“You have been loved.” Those are the words my grandmother repeated to me as she and grandpa drove me further and further away from my family. Leaving the box. Moving away on my own for the first time.
“Your dad, he has a good heart, he just doesn’t always show it,” she continued. She spent the next half hour giving examples from his childhood to prove it. Later, she shared stories of my early childhood. When I was born (at home), I had Jaundice. At the time, it was believed to be quite dangerous to newborns and the doctor recommended that they take me to the hospital. But my parents chose to keep me at home and use natural remedies (such as sunlight). I was fine, and eventually it went away. Grandma said, “Your parents were brave to go against the recommendation of the pediatrician. That took a lot of guts. They really care about you.”
I remember the time my dad found out I was buying a lamp for my dorm room. He gave me a small screwdriver because he thought I might need one and wanted me to have one for future use as well.
I remember the Christmas when the new Les Miserables came out for the first time. My grandparents took us to see it and I loved it so much that I begged my parents to let me go again. My dad took me to see it again the next week.
But I also remember when my dad told me he was taking me out for a surprise. And we drove up to the shot place and I got a shot. That was the day I stopped trusting him. I was eight. He went and bought me colorful cardstock paper afterwards, as a reward.
I remember the time I was sitting in the back of our mini-van as we pulled into the garage. Mom and Dad were in the front seats. Dad made a comment about me being old enough to need deodorant and that I smelled bad. I was embarrassed as I slid open the car door and walked into the house.
I remember the first time I told mom I liked a boy. I was eleven. She told me, on that night standing on the bottom of the stairway by the coat closet, that I was too young to like boys. I never talked to her about boys again.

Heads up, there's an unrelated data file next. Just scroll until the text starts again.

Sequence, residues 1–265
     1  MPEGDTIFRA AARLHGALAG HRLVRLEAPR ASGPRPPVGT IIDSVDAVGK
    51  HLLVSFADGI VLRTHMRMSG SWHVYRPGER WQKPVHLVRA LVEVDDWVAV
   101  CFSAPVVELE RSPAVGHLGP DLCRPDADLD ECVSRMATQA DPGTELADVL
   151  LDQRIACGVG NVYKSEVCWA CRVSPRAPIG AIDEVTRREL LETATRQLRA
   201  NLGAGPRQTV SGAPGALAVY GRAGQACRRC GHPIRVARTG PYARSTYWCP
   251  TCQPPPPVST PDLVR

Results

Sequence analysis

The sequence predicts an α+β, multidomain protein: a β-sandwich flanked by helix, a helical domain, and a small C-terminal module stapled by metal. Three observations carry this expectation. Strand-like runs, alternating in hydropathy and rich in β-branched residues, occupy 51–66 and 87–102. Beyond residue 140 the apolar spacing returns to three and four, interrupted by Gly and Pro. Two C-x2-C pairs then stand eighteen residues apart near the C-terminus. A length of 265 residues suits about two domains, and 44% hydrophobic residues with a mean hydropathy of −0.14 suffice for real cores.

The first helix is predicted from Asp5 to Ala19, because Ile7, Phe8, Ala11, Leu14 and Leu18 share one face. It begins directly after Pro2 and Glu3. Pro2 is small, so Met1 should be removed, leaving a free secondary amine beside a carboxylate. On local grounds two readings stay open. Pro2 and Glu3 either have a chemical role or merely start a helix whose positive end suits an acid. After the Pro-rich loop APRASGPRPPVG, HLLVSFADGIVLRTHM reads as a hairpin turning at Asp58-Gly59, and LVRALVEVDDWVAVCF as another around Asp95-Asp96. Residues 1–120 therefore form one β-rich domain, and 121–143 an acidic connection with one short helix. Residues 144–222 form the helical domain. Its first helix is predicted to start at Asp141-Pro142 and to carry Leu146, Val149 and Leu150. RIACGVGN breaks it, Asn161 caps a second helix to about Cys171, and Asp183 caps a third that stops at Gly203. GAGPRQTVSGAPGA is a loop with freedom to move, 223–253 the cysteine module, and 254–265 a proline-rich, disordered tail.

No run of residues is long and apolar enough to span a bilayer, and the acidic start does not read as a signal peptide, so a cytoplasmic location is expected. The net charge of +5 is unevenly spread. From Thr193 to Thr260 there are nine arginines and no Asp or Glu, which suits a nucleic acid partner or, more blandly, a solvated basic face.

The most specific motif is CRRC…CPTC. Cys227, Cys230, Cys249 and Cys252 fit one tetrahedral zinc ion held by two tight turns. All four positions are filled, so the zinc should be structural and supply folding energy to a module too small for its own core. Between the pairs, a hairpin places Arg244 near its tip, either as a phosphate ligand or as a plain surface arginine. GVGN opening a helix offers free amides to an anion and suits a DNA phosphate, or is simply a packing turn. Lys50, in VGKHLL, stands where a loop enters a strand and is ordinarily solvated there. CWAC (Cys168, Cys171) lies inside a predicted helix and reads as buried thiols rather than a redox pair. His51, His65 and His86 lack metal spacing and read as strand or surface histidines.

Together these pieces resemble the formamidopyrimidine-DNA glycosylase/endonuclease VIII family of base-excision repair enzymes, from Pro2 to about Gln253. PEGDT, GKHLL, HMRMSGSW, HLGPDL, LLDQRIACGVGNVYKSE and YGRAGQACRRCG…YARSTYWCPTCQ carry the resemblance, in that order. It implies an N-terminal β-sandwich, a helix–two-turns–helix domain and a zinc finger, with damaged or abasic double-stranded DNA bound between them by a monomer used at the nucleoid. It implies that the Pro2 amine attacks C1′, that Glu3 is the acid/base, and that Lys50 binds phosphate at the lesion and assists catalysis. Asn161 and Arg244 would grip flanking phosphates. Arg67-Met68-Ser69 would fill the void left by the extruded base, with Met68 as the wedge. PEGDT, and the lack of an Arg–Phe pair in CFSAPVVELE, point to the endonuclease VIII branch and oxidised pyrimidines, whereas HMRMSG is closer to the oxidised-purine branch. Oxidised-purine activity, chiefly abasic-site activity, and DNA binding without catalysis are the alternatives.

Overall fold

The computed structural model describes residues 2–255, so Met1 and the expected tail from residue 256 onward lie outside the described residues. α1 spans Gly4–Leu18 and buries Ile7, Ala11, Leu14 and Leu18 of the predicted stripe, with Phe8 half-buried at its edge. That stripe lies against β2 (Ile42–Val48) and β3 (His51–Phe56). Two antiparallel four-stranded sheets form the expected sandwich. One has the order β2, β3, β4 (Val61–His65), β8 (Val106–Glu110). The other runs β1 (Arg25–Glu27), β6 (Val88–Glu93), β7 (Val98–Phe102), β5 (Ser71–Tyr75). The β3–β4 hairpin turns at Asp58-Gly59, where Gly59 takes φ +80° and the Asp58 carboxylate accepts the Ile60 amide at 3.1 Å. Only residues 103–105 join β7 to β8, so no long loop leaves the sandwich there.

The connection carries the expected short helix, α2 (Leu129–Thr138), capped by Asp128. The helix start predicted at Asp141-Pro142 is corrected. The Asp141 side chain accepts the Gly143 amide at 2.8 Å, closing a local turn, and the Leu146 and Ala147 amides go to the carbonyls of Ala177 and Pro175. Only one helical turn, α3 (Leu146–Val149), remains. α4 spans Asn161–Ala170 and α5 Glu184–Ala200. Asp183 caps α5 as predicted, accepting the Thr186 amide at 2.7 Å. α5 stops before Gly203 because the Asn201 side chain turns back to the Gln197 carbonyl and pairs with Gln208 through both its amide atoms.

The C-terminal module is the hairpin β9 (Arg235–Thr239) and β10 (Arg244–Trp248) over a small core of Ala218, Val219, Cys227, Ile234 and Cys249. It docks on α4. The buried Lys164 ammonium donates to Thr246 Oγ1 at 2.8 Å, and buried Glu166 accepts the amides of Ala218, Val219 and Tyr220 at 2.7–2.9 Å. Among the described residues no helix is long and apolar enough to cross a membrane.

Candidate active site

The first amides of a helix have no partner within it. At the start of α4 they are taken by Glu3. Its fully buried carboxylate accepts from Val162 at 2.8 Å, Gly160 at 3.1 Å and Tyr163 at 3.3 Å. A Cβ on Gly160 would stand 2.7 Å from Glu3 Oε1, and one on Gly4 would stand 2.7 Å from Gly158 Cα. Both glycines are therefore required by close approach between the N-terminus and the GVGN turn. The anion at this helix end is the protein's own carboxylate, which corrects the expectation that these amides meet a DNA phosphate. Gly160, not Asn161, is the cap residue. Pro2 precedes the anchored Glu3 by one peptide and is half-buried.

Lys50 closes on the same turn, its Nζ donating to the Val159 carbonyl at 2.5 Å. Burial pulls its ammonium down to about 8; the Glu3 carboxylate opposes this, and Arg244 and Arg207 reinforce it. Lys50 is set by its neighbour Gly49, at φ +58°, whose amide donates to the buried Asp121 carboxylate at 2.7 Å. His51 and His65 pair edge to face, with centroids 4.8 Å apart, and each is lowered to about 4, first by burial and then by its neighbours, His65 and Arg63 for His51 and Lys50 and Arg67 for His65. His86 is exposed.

I remember sitting in the hard wooden pew next to our visiting friend who was an unbeliever. He innocently passed me the communion plate and I, unthinkingly, took a piece of bread. I distinctly remember the intense guilt, shame, and embarrassment that was heaped upon me when dad realized what had happened. And hanging my head as I climbed into our van after church. I was probably six or seven at the time.
I remember hearing my little sister crying after I had been put in bed. I must’ve been two or three at the time. I got out of bed and went to go see why she was crying and to comfort her. Dad found me out of bed and spanked me without asking me why I had gotten out of bed. I broke the rule about getting out of bed at night, and it didn’t matter that I had gotten out to take care of my sister.
I remember being expected to never forget to do things. Forgetting was a sign of rebellion or disobedience (or both). I forgot things a lot, like cleaning out my pet crab’s cage or filling his water dish. But I wasn’t ignoring those things because of laziness; I honestly did not remember to do them.
I remember being held in the middle of the swimming pool by the swimming instructor as they slowly lowered the floor of the pool to a great depth. I could not touch the floor. I was terrified of going underwater. And I was forced to. The lady counted down from three and then let go of me in the middle of the pool. Over and over again.
I remember you trying to protect me. But from the wrong person. You found out I was emailing a guy online every day and had been doing so for months. You did not believe me when I said it was a friendship only – not a relationship. So you insisted I cut it back to once a week and write a terribly awkward note about how I was not interested in a relationship. You protected me from someone who never harmed me, but you were never there to protect me from the real bad guys who came later.
I remember and it hurts. I remember and I cry. Tears of sadness. Tears of lost innocence. Tears of hurt. Tears of a child. Tears of broken relationships.
I have been loved. But I have never felt that love. I am still a child inside; curled up, crying, and yearning for love, acceptance, and protection. Wanting to be valued. Wanting to feel love.
I know you love me, or at least, my brain tells me that you do. But my heart can’t feel it. And it has been wounded so many times that I’m not sure it will ever open for you again. I’m not sure I will ever trust you again. Even if you tell me ‘I love you’ a million times over. Even if you say you are ready to listen. Please give me time. And hear me when I say, from a very sad and broken place, that I want to trust you. But I can’t right now. And if I never do, will you try to love me anyway?